It is Ayrton Senna’s 1993 McLaren-Ford MP4/8A, the car the three-times Drivers’ World Champion drove in eight Formula One races in ’93, including Monaco where he scored his last of six wins there, eclipsing the mark set by Graham Hill 14 years before and sealing Senna’s title as the Master of Monaco. Twenty-five years on from this final Monaco triumph the McLaren will be offered by Bonhams for sale at its Monaco auction on 11 May, with the car on view at Le Grand Palais, Paris, on 6-8 February.
One of the most special of all Formula One McLarens, the MP4/8A was, in fact, a bit of a one-off. Post Honda and pre Peugeot, McLaren found itself engineless so a deal was done to install a Ford Cosworth HB V8 just for the ’93 season. There was scepticism the active-suspension car would be able to compete with the V10 of the Williams-Renaults, but Senna – in his last season for McLaren – put paid to that from the off. He brought the McLaren home second to Alain Prost’s Williams-Renault at its debut in the Spanish Grand Prix. The car would not give him a fourth title – he finished the season second to Prost – but it did prove more competitive than could have been imagined.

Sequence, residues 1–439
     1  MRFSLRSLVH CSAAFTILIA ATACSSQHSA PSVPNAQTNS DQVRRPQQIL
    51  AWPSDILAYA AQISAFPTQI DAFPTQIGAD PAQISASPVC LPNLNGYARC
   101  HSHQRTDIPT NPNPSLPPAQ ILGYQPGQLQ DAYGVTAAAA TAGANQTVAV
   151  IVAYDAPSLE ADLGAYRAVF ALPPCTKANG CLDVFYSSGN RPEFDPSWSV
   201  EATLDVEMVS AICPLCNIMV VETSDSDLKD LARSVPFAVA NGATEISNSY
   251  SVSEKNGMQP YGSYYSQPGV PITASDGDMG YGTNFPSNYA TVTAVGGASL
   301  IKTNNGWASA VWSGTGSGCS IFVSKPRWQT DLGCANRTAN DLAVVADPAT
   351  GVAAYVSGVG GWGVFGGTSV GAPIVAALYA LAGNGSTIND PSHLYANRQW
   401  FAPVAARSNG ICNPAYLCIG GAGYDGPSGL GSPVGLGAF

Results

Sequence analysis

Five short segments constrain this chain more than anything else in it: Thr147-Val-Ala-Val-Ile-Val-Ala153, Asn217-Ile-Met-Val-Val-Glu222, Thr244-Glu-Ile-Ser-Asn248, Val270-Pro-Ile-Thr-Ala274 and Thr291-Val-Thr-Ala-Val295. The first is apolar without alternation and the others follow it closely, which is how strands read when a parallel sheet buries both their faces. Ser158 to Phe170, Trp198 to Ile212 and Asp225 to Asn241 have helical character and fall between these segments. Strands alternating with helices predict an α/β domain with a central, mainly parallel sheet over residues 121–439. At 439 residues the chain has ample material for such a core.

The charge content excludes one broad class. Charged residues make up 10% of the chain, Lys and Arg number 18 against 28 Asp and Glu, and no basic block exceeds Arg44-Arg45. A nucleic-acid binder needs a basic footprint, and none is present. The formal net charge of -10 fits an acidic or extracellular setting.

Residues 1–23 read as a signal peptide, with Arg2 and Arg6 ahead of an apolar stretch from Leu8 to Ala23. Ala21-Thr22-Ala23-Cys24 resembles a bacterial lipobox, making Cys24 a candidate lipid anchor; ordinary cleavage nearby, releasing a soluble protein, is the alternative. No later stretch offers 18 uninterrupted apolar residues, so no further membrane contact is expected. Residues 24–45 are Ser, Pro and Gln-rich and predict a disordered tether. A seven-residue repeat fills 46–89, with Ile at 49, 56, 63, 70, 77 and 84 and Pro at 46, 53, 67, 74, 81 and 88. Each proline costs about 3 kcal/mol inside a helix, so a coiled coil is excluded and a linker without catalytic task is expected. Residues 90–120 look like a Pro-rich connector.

Surely every F1 fan has a memory of Senna in the MP4/8 in ’93. The active suspension dumping Ayrton unceremoniously into the barriers at Ste Devote during qualifying for the Monaco GP. The inspirational wet drive in the European GP at Donington Park. Running out of fuel in the British GP at Silverstone. Beating Prost for the last time in the last race of the year in Australia, what was to be the great champion’s 41st and final F1 career win.
The car in the sale, chassis number six, was spare car in some of these races, and it did have its share of mechanical faults that year, but this chassis did start eight times, finishing fourth in the French, German and Belgian GPs as well as winning in Monaco and taking second in South Africa. Quite a special car then and said by Bonhams to be startlingly well-preserved and in running order.
So what are we bid? Bonhams isn’t offering a guide but perhaps an indication is the sale in 2017 of Michael Schumacher’s 2001 Ferrari, the car that took him to nine GP wins that year and his fourth World Drivers’ Championship. RM Sotheby’s sold that for US$7,504,000, or about £5.6m, a record for a modern-era F1 car.
Can Senna’s McLaren beat it?